I'm working hard at the Renewable Northwest Project to pass Oregon's RES. For more information on the Oregon RES, head to www.poweringoregonsfuture.org...

6 comments:

Anonymous said...

Hello WattHead,

Thought I'd wade in the it was not the flexibility mechanism that made the difference in the MN RES, but it enabled us to get near unanimous support. Its insider baseball why we needed to add it--key committee chair was the factor.

The flexibility mechanisms in the Minnesota Renewable Energy Standard were reasonable. There is a heavy burden on the utility if it applies for a delayed implementation, and it would not be agreed upon lightly. Most utilities expressed strong confidence that they would never apply for a delay, but the ramp-up rates in years 2012 and 2016 were aggessive---combining Xcel's rate and the others means that MN will have 21% by 2016, and 25% by 2020, and the utilities just want the comfort that if things are beyond their control, there is 'some place to go.'

As for it "flying through" in 2007, readers should know that in 2006 we won in the democratic senate by a vote, and then 2 switched at the buzzer, giving a 36-30 win. There was not even a hearing in the Republican House on RES from 2001 to 2006. Many candidates ran for office on passage of the RES and with 19 freshman democrats in the House, and the governor changing his position in a wonderfully nuanced way---last year, he was for an "objective" not a standard, and this year he was for an "objective" with financial penalties for non-compliance, saying 'theres no difference between my objective now and the Senate standard', opponents had no refuge.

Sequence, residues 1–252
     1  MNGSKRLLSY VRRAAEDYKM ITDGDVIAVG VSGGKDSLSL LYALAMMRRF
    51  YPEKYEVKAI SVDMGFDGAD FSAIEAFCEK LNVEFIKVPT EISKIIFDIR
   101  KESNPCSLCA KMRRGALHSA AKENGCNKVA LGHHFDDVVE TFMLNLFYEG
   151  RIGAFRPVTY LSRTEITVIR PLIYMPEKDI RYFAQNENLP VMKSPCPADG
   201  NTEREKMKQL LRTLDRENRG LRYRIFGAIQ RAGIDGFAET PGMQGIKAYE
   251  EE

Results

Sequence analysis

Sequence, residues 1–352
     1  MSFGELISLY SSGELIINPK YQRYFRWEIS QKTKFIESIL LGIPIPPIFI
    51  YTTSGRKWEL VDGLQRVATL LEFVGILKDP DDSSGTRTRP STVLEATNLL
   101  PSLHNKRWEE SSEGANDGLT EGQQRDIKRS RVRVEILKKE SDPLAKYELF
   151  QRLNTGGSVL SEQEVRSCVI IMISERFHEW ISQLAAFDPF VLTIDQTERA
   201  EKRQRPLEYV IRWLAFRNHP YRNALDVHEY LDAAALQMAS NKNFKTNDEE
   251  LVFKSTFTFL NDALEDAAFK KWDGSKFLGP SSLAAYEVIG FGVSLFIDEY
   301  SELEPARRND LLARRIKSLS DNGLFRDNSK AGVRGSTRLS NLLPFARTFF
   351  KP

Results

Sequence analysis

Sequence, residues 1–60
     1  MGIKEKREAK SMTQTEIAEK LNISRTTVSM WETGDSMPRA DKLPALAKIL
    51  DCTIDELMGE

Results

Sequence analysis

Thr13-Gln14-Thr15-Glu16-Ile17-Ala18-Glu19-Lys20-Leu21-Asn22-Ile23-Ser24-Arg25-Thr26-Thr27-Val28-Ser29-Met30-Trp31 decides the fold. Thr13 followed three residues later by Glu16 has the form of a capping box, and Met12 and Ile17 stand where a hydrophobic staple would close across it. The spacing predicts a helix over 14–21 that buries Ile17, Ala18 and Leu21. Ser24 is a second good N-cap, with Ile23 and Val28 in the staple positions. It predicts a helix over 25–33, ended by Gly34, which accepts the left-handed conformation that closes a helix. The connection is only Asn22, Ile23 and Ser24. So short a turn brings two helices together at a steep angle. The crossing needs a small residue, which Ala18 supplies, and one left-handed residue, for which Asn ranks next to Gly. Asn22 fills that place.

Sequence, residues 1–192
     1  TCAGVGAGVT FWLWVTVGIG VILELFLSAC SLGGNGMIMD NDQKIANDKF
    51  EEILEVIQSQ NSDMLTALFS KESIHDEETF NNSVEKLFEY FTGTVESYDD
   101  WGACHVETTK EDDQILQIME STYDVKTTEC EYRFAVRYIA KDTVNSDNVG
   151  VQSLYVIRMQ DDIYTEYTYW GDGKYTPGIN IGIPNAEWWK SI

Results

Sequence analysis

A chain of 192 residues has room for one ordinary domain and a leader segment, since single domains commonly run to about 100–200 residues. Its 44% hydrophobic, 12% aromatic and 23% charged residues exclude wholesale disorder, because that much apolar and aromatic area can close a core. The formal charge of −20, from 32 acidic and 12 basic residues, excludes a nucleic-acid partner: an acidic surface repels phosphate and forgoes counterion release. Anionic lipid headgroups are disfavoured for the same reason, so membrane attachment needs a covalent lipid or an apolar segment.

The election and public opinion polls showing 90% support, and two third 'strong support' also helped do the trick. In the end, the IBEW, the Steelworkers, the Farmers Union, the faith community, serious business leaders not from EE/RE sector joined the usual suspects----it was quite a coalition.

Hail Senator Ellen Anderson and Representative Aaron Peterson, chief authors.